Broken domestic game and poor management are taking Republic of Ireland back to dark days of the 1970s
With a humiliating 9-2 deficit in their last two competitive games, this is Republic of Irelandâs worst such spell since an aggregate 10-1 loss to Austria in 1971 - and the brutal truth is that this is probably the worst side since those dark days, too.
A small football country that has prided itself on overachieving for the past three decades is now facing up to a return to the times when qualification was barely a hope. It already seems certain that Republic of Ireland will suffer an embarrassing last-place finish in their Uefa Nations League group, and relegation from the B division.
There are caveats â" the squad was missing senior players like Robbie Brady and James McClean â" but their return will barely do much to change the lower-half Premier League/Championship look of the squad.
The line of world-class players going from Jonny Carey through to John Giles, Liam Brady and Roy Keane has now long been broken, but there is so much else broken about Irish football. The lower-league status of so much of the squad - and so much of the squadâs medium-term future - is a consequence of a highly dysfunctional domestic structure. T he country has long got away with it due to the diaspora, societal factors and blind luck, but a largely blind reliance on such fortune was always going to make a situation like this inevitable.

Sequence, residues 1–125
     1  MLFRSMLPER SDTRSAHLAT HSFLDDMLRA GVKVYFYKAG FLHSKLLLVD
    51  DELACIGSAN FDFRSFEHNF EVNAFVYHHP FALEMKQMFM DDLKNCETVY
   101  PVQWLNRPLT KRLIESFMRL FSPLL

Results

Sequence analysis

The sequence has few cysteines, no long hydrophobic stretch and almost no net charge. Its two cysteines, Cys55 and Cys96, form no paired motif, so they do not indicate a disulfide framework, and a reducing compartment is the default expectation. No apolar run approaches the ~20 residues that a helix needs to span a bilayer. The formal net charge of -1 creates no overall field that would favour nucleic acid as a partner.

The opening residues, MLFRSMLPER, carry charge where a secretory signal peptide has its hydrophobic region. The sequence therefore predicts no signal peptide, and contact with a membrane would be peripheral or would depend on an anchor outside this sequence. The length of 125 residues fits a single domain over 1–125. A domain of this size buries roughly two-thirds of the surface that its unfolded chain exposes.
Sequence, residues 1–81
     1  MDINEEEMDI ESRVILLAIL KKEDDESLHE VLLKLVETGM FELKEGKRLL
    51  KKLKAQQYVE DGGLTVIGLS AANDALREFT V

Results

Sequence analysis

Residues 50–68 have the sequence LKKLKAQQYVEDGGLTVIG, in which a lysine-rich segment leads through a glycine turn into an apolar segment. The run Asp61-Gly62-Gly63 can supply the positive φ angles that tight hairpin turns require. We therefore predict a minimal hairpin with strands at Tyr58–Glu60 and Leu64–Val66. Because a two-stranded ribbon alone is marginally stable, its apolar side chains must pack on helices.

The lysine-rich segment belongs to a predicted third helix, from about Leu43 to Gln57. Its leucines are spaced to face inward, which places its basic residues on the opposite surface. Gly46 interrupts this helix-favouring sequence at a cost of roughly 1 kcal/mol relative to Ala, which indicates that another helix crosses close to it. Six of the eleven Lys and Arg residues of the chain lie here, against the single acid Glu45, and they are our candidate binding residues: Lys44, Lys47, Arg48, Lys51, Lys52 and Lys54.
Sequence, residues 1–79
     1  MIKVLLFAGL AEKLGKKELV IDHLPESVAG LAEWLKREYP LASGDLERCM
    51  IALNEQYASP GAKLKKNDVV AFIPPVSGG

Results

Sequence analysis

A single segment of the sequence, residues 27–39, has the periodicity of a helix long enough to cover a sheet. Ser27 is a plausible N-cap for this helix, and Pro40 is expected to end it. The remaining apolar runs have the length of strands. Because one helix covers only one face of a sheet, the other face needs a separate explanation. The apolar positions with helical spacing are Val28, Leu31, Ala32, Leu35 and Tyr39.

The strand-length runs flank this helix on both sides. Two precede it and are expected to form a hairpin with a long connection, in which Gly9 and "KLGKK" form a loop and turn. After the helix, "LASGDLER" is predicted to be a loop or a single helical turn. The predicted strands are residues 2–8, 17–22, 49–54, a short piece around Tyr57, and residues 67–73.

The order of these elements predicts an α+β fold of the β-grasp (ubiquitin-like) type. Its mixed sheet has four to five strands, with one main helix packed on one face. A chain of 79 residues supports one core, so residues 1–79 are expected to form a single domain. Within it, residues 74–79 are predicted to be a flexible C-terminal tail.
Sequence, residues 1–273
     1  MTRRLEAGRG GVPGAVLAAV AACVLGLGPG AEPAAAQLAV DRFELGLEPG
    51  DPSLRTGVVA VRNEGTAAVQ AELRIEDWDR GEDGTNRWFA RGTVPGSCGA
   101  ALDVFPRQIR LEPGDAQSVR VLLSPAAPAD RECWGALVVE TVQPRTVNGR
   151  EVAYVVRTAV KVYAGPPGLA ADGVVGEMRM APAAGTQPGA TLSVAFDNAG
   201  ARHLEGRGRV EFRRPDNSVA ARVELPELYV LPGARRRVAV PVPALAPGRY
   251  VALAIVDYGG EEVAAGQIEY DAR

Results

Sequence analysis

It is really remarkable it didnât happen sooner, given the evident disconnect between an underfunded and underappreciated domestic league and a talent production system with so many gaps. Those at the coalface do admirable work and there have been some improvements, creating some very promising underage teams in the last two years. But it is going to be a while before they come through, with few guarantees, meaning the next two to six years could be rough.
The next two to six months could be worse. For all the macro problems in Republic of Irelandâs football structure, and all the justified complaints that Martin OâNeill and Keane might have about the paucity of quality, there are more immediate questions to be asked about how theyâre overseeing it.
The management team did well to get Republic of Ireland through to the last 16 of Euro 2016 with a limited team powered by emotional resilience and defiance, but an approach like that was always going to have a finite effect, and it seems to have gone t oo far the other side. Everything is now caving in, resulting in humiliations like these at Cardiff, rather than everything being built up for heroic victories like those against Germany and Italy.
The most damning aspect is that the intangible qualities that initially improved this squad have not been replaced by a tangible structure. Modern international football has repeatedly proved that, regardless of quality, a bit of organisation and tactical nous can go an awful long way. Thatâs the nature of the level now. There is no greater example than neighbours Northern Ireland.
Ireland now look a much worse team, because they donât have anything resembling such rigour.
They have a management team now almost exclusively dealing in motivation from two decades out of date, meaning Republic of Ireland are now looking at results from four decades ago.
It all looks so bleak.
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